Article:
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The War on Estonia

May 24, 2007

CyberTerrorI’ve been meaning to post on the situation in Estonia, and how it relates to our work, but have been remiss. The episode is flying so far under the radar that I no longer know if it is still ongoing; I’m assuming that it is in the following post. Should any readers be able to point me to updated sources, I’d be most appreciative.

Estonia, a tiny Baltic nation formerly hidden behind the Soviet curtain is under attack. Right now. A sovereign nation under the protection of NATO is being pummeled viciously and we hear little to nothing about it. For all of the worrying about cyber-terrorism by homeland security and emergency management types, the response is kind of underwhelming.

But the consequences are real.

While these attacks have little to do with public health preparedness directly, they can serve as a wake up call to those of us that serve as planners.

The idea of a “virtual EOC” has been touted in the literature, yet we can see the consequences of depending, to a large degree, on our online presence could be extremely damaging.  Given that we are planning to respond to a natural disaster and subsequent terror attack, shouldn’t we also be aware that a cyber-terror attack could cripple our response infrastructure and mitigate the potential harm of such an attack?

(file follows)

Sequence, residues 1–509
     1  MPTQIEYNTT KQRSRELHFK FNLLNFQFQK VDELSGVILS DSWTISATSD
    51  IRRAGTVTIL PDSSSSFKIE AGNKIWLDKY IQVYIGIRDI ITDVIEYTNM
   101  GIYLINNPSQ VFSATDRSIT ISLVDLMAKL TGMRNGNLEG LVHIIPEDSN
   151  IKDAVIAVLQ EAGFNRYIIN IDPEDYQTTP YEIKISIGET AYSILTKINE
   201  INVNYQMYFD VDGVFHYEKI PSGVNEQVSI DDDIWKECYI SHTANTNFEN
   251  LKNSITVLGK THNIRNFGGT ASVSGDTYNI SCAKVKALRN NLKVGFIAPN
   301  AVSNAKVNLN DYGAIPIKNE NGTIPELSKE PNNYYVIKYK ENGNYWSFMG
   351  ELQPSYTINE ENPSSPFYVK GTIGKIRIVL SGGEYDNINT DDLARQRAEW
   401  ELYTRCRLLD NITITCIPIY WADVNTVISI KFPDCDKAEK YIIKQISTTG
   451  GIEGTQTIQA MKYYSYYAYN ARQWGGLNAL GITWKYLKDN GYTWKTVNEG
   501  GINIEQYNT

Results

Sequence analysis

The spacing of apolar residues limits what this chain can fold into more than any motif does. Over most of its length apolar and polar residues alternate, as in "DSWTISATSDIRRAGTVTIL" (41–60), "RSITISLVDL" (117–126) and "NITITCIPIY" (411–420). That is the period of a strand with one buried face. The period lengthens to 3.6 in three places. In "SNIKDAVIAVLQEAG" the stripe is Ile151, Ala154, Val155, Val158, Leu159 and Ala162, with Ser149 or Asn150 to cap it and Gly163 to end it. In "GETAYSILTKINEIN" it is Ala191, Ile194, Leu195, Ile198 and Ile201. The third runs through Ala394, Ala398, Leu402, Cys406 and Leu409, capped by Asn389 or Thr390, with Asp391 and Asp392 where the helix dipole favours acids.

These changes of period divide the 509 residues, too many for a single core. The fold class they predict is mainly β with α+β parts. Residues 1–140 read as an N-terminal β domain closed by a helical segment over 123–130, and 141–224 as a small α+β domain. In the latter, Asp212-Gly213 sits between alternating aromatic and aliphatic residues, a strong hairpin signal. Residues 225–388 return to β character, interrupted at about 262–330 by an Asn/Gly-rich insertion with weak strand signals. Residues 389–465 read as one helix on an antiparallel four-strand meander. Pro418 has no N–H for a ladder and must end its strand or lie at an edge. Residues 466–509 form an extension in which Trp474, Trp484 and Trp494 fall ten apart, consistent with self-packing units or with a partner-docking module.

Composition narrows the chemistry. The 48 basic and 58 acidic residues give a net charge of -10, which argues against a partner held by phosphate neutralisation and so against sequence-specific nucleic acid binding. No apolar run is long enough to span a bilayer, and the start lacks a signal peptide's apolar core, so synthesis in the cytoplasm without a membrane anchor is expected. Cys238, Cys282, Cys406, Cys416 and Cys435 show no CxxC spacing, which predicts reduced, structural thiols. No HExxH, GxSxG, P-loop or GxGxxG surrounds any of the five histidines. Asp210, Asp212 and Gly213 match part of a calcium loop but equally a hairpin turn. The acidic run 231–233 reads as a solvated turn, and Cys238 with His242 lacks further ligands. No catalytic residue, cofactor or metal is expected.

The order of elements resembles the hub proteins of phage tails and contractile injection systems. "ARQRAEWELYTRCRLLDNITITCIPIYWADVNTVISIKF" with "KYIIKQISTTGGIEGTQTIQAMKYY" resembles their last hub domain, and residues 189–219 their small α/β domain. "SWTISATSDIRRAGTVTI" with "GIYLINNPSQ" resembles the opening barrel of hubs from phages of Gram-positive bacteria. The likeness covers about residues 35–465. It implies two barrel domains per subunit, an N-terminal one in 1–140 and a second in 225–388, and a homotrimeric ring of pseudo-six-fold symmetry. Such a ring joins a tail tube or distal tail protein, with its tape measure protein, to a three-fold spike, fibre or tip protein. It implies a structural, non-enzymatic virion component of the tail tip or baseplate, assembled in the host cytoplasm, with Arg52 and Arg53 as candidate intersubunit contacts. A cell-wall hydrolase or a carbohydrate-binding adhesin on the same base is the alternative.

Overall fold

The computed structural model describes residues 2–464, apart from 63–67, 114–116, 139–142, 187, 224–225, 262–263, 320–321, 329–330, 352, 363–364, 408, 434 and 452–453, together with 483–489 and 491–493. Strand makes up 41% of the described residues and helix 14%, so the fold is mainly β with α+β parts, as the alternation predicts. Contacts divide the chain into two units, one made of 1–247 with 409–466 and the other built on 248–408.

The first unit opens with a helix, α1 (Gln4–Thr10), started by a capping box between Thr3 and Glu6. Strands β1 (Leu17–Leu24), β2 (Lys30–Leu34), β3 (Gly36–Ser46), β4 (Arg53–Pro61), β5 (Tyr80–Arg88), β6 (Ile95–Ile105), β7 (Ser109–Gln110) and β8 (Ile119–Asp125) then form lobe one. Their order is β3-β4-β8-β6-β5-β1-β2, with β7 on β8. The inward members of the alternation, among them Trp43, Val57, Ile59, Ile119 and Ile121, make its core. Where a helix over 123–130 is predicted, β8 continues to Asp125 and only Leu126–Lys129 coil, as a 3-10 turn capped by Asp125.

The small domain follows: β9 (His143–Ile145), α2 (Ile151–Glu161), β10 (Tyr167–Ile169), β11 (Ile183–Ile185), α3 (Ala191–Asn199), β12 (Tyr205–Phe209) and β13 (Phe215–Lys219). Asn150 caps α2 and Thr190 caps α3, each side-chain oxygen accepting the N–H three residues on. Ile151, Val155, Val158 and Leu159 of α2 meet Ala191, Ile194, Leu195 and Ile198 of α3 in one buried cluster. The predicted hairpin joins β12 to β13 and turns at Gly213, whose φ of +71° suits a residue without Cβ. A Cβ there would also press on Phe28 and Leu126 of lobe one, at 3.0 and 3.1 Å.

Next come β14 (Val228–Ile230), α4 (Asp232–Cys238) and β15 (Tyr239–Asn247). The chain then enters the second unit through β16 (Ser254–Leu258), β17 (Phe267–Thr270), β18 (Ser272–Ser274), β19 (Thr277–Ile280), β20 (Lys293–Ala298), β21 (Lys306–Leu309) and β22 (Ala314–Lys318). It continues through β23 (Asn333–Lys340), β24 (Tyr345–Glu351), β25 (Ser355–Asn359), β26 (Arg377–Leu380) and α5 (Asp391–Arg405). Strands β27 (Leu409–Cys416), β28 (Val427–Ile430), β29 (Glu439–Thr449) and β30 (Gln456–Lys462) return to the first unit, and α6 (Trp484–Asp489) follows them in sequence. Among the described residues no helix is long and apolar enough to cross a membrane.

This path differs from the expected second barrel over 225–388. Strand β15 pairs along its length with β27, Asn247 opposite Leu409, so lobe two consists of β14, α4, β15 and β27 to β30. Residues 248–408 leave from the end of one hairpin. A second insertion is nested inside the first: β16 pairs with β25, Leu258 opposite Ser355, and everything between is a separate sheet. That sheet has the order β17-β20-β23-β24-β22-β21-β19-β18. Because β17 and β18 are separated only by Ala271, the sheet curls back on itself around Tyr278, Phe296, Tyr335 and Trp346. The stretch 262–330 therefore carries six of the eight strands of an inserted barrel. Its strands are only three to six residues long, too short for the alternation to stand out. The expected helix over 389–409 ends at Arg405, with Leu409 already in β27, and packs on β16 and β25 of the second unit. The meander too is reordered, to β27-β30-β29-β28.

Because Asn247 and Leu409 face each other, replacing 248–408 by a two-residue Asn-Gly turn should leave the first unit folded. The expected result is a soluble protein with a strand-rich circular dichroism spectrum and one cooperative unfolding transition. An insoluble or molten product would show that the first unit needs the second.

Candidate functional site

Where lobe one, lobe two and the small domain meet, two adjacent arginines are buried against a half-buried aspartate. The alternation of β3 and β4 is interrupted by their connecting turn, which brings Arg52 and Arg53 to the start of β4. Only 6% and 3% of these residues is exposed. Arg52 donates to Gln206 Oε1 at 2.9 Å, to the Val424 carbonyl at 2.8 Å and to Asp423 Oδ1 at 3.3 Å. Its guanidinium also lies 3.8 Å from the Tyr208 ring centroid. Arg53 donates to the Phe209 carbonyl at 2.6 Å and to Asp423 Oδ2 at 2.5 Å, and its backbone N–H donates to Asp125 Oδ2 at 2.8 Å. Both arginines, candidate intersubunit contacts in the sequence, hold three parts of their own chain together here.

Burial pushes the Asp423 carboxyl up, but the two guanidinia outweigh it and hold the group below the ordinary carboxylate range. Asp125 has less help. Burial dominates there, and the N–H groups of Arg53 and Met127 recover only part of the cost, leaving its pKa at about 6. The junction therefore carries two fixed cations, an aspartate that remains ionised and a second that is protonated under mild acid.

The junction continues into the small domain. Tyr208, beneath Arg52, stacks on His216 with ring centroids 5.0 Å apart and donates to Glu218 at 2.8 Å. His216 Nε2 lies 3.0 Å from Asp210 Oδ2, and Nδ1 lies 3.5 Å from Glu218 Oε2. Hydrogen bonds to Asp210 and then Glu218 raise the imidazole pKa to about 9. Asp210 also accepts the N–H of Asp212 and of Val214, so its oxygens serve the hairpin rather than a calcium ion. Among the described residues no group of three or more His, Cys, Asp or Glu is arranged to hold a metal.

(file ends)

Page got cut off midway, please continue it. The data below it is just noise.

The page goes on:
A local Emergency Management Office providing first response to a CBR incident would be rendered nearly useless should that online infrastructure be compromised.  The primary incident could very easily be the cause of the lack of communications, but a secondary attack seems to be plausible (giving the current flavor for multiple incident planning) and should be taken into account.

As much as we are enamored with the latest technologies and social media (yes, me too), we have to be aware that in a disaster situation, these things will likely be the first things gone missing – and our several hundred thousand dollar EOC’s will be little more than comfortably HVAC’ed rooms with a multitude of very expensive paperweights.

Pay attention to what, if anything comes out of the Estonia attacks, and try to incorporate it into your own planning.

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